Of all the dietary causes of obesity, consumption of added sugar leads the charge. A wealth of information now exists on the ever-increasing amounts of sugar steadily added to the diet, largely in the form of packaged and processed foods. Here are the top 5 offenders:
Sugar-sweetened beverages were confirmed as the top source for added sugars among children and adolescents. According to some estimates, overweight and obese adolescents are drinking enough of these beverages to account for an average of 15% of their total daily energy intake. An average 12-ounce can of cola contains over 8 teaspoons of sugar! So, by drinking just one small soft drink, a woman would have already far exceeded her recommended daily sugar maximum, and a man would have nearly reached his. With numbers like this, it is easy to see how the average person can consume 22 teaspoons of added sugar per day, far beyond the recommended maximum. Extrapolating from that, it is even easier to see how this level of high-calorie sugared intake could contribute to the rise of the obesity epidemic over the course of time.
These are the pies, biccies, and cakes that so many love to eat for dessert. Basically, anything that is made with any kind of flour counts as a grain dessert. And, according to the latest findings, we as a people are eating far too many of them.
Fruit drinks are seldom 100% fruit juice, but usually a combination of added sugars and syrups with some blend of fruit juices thrown in. These added sugars include ingredients like sucrose (table sugar), cane sugar, evaporated cane juice, fructose, high-fructose corn syrup, juice concentrate, and other additives that are essentially sugar as far as the human digestive system is concerned. Additionally, 100% fruit juice has the essential fibre of the whole fruit removed, and thus is much higher in unopposed sugar content than one would get with eating the original fruit. Fruit drinks have been found to account for 8% of overall added sugar intake.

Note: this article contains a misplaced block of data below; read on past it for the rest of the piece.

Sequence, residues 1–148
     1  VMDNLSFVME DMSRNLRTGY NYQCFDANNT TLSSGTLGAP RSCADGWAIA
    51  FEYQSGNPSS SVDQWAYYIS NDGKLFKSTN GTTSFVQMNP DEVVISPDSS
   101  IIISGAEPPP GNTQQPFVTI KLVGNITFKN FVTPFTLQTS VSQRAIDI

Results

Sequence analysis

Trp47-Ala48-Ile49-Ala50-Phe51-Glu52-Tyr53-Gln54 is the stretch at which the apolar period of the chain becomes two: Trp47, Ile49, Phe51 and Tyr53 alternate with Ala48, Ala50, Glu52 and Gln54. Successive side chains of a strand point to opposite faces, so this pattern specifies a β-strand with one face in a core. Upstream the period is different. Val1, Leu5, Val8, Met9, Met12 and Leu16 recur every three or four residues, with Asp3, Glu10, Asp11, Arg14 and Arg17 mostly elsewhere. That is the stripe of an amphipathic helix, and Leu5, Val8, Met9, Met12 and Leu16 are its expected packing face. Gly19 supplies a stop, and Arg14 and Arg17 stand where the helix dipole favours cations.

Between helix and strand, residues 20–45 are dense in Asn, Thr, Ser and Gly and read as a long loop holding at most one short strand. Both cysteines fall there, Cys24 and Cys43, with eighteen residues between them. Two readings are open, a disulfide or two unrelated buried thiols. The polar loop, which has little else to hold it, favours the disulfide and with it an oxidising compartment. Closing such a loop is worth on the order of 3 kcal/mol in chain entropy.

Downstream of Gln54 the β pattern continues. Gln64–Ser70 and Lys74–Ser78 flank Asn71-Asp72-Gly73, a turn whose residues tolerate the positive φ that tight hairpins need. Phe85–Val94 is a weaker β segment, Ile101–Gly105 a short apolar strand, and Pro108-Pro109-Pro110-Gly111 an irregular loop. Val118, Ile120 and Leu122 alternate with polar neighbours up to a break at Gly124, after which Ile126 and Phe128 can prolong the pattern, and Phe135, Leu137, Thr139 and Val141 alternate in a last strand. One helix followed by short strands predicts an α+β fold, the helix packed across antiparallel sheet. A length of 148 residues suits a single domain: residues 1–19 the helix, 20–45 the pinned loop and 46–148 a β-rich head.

No surprise… According to recent estimates, consumption accounts for 6.7% of overall added sugar intake.
This is the category that includes ice cream and frozen yogurts, and accounts for 5.6% of overall added sugar consumption. Beware of low-fat versions of dairy desserts; to compensate for the loss of fat, many manufacturers add more sugar to these than would be found in the higher- or full-fat versions.
Keep on track!